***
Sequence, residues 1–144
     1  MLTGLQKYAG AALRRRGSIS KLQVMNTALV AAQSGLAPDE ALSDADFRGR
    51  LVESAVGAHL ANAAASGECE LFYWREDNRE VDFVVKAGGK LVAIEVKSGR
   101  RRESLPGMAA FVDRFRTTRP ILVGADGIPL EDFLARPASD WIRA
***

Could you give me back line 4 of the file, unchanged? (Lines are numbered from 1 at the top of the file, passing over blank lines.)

   101  RRESLPGMAA FVDRFRTTRP ILVGADGIPL EDFLARPASD WIRA